Whether you’re running a small business or a multinational corporation, you’ll definitely need space to house your operation. You just can’t run the business in a place that’s already run-down. As you’re about to lease or invest in a desired commercial space, you have to make sure that the building works for you and your objectives.

Iln this case, doing building checks yourself can put you in an advantageous position. Not only will you be able to uncover structural issues, damaged fixtures, or anything that may need immediate attention, you can use your discovery to bargain for a more favourable asking price. Of course, you need to commission a building inspection report from a licensed building inspector to give you better leverage come negotiation time.

What Building Areas to Inspect

As you’re about to do an ocular inspection of the premises, it’s important to keep an eye on these critical details.


See if the areas near exits are cleared from any form of obstruction. It’s worth emphasising that exit areas ought to be cleared so tenants and staff can flee from the building in case of a major disaster or emergency. While you inspect these areas, check if the exit lights are operational or clearly visible. It can be a lifesaver in emergency cases when there is limited visibility.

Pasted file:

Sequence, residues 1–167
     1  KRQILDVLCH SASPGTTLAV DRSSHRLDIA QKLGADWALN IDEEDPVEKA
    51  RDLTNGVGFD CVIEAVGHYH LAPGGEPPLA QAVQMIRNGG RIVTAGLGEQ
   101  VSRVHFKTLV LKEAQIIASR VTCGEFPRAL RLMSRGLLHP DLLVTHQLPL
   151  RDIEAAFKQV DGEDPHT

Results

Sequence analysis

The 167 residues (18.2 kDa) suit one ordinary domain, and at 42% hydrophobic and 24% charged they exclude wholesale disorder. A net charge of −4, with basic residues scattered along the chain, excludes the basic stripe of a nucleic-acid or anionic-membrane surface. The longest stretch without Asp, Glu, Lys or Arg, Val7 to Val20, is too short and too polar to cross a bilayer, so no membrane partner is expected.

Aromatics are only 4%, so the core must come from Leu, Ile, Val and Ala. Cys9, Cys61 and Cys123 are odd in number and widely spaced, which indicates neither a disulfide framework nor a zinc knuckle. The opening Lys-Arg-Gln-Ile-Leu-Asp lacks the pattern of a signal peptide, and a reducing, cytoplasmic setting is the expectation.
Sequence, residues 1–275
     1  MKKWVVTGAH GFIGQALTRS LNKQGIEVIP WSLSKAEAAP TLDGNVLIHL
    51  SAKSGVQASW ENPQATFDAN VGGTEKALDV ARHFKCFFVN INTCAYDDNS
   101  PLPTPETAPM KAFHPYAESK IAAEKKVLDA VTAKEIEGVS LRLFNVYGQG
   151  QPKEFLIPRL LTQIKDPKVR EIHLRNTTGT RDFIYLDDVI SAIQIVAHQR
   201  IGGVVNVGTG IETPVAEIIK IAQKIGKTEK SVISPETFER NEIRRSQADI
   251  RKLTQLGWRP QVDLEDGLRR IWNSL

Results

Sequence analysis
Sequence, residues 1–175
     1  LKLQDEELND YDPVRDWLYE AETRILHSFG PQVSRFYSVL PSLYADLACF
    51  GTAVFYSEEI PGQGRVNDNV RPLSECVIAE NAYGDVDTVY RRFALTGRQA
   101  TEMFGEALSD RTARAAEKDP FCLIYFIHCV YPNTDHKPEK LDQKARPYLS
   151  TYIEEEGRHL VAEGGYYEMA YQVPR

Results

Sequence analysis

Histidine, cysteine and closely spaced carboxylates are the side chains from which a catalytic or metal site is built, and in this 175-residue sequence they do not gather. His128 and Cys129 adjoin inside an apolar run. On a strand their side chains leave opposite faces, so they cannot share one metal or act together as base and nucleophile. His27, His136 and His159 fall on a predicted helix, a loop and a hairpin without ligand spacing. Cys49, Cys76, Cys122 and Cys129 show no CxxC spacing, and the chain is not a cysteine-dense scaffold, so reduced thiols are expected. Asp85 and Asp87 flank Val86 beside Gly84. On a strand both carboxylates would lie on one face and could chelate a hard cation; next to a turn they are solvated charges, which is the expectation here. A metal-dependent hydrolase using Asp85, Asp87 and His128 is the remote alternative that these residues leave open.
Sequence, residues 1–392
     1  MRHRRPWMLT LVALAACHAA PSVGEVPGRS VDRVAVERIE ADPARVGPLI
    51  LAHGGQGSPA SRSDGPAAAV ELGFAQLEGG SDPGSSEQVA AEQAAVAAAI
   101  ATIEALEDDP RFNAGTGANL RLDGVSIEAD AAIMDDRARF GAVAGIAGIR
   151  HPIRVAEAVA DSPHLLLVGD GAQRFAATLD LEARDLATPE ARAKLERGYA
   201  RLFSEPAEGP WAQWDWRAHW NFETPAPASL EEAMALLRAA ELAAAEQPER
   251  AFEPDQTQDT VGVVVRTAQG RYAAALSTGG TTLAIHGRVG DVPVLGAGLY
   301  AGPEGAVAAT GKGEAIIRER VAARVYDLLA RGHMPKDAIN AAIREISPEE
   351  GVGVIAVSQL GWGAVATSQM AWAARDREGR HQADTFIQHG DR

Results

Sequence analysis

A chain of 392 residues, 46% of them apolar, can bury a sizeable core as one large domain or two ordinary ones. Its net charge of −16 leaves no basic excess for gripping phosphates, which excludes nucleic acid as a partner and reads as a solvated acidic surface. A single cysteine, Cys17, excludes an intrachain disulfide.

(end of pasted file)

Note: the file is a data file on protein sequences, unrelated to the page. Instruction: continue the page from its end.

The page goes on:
Aisles, corridors, hallways, stairs

These parts of the building or office have to be free from any physical obstruction as it’ll keep people from entering or exiting the place. But if there seems to be amenities standing in the way of these parts, request from the property manager or owner to have the stuff (i.e. furniture pieces) moved to a more suitable area.

Electrical components

Be on the lookout for tripping hazards. Take note of any “home-made” electrical work like electrical cords getting tied together as this won’t be good for maintaining their integrity. As you inspect electrical cords, try to see if all the sockets you see are functional and have a cover plate included. In addition, see if all electrical panel boxes have a clearance of 36 inches around them to ensure the safety of the technician who will work on them. Also, it’d be wise to see the state of electrical and mechanical rooms and find out if they’re utilised for their purpose. They shouldn’t be used as an extra space for storage so there shouldn’t be an excess of chairs, tables, or furniture in them.